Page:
This is importing a Python module called 'time'. We could've just imported the whole thing ('import time') but sleep was the only part we needed. 'Sleep' is a part of the time module that tells the script to pause for the number of seconds specified. There are other functions in time, but we didn't need them here. This is a good place to introduce you to the Python Docs. Follow that link, poke around, and then go here for more information about 'sleep' and the other functions in 'time'. Don't get bogged down with it all now; just marvel at the number of things you can do if you wanted to. If we had instead imported the whole time module, we would've referred to our sleep command like this:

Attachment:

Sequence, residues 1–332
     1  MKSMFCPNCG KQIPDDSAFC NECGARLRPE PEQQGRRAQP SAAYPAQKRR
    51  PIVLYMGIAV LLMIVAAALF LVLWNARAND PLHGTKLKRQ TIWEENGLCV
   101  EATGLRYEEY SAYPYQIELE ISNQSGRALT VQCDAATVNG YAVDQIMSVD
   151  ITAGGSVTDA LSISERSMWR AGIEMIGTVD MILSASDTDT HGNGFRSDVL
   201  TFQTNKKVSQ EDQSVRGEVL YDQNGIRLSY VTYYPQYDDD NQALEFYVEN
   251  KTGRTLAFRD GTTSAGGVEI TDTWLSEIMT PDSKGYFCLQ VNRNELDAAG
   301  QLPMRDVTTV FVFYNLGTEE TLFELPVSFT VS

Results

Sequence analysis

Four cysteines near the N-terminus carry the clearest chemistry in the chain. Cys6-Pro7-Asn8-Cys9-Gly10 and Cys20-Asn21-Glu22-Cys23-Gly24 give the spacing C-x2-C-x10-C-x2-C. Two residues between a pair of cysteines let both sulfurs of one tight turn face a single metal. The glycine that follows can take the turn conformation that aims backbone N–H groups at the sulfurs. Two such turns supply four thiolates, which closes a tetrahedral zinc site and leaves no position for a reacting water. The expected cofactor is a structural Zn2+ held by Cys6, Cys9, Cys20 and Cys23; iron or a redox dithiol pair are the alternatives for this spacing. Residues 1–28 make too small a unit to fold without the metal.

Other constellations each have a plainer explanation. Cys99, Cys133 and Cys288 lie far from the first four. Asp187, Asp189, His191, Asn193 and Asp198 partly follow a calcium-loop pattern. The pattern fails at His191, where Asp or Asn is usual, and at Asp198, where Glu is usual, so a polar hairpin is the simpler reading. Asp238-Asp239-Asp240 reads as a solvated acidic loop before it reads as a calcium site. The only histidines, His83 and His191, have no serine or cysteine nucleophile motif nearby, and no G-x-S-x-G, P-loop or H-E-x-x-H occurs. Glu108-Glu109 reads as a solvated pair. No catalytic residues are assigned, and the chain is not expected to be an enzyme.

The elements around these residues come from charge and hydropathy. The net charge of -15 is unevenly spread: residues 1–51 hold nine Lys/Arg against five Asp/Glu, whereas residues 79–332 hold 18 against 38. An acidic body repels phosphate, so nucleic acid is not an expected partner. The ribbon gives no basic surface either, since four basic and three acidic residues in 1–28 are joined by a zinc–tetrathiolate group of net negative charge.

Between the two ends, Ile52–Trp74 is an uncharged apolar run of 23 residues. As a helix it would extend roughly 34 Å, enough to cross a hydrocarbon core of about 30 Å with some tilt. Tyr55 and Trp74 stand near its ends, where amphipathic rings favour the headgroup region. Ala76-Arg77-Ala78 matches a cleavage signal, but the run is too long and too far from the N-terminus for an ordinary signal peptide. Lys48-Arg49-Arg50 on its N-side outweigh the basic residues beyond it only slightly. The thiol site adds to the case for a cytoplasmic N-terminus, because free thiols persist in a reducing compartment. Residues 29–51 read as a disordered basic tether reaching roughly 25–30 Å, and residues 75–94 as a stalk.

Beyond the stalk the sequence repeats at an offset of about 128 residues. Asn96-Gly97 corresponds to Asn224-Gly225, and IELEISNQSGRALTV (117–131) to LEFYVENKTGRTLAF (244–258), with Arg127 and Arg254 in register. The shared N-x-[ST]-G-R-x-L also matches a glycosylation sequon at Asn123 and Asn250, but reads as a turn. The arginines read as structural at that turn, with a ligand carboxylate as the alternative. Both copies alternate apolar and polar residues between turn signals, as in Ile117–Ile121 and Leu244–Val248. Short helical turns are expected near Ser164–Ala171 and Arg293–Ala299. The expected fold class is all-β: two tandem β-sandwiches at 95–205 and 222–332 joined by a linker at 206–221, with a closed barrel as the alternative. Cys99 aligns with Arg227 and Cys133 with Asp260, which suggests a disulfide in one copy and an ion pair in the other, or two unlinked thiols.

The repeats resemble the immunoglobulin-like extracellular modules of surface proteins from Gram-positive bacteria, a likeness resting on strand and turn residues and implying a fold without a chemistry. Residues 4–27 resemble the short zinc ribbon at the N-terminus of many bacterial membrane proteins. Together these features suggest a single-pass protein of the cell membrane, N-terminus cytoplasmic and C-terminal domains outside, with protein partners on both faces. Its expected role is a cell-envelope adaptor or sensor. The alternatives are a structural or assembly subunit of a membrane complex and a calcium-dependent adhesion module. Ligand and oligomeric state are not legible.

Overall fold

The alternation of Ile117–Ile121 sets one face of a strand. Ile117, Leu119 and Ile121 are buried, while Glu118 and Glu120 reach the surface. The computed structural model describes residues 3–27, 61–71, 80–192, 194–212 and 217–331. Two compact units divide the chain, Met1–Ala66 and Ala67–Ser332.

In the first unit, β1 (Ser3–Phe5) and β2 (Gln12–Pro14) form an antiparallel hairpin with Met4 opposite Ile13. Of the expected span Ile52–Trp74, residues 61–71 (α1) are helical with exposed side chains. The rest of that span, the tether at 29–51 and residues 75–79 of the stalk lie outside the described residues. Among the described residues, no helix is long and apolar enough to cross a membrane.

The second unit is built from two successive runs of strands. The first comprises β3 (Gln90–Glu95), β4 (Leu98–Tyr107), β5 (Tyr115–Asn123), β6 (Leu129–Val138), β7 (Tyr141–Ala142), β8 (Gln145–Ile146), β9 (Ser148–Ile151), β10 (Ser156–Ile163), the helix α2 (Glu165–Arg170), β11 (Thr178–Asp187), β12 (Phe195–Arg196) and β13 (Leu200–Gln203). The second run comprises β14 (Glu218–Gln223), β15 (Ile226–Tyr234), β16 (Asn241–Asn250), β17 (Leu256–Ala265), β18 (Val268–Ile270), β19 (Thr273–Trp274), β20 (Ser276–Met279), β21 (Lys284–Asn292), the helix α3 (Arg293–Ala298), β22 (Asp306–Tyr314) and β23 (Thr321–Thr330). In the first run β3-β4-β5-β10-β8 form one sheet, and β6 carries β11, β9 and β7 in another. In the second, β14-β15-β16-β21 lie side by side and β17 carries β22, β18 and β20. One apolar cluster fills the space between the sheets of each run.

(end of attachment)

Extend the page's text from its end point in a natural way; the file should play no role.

Code: Select all
time.sleep(5)

There are many, many modules built in to the base installation of Python. whenever you see a statement like the one above, the convention is:
Code: Select all
module_name.function_name(parameters)

But enough of that for now.

For your second question,
Code: Select all
was_off = False
if not dev.onState:
    was_off = True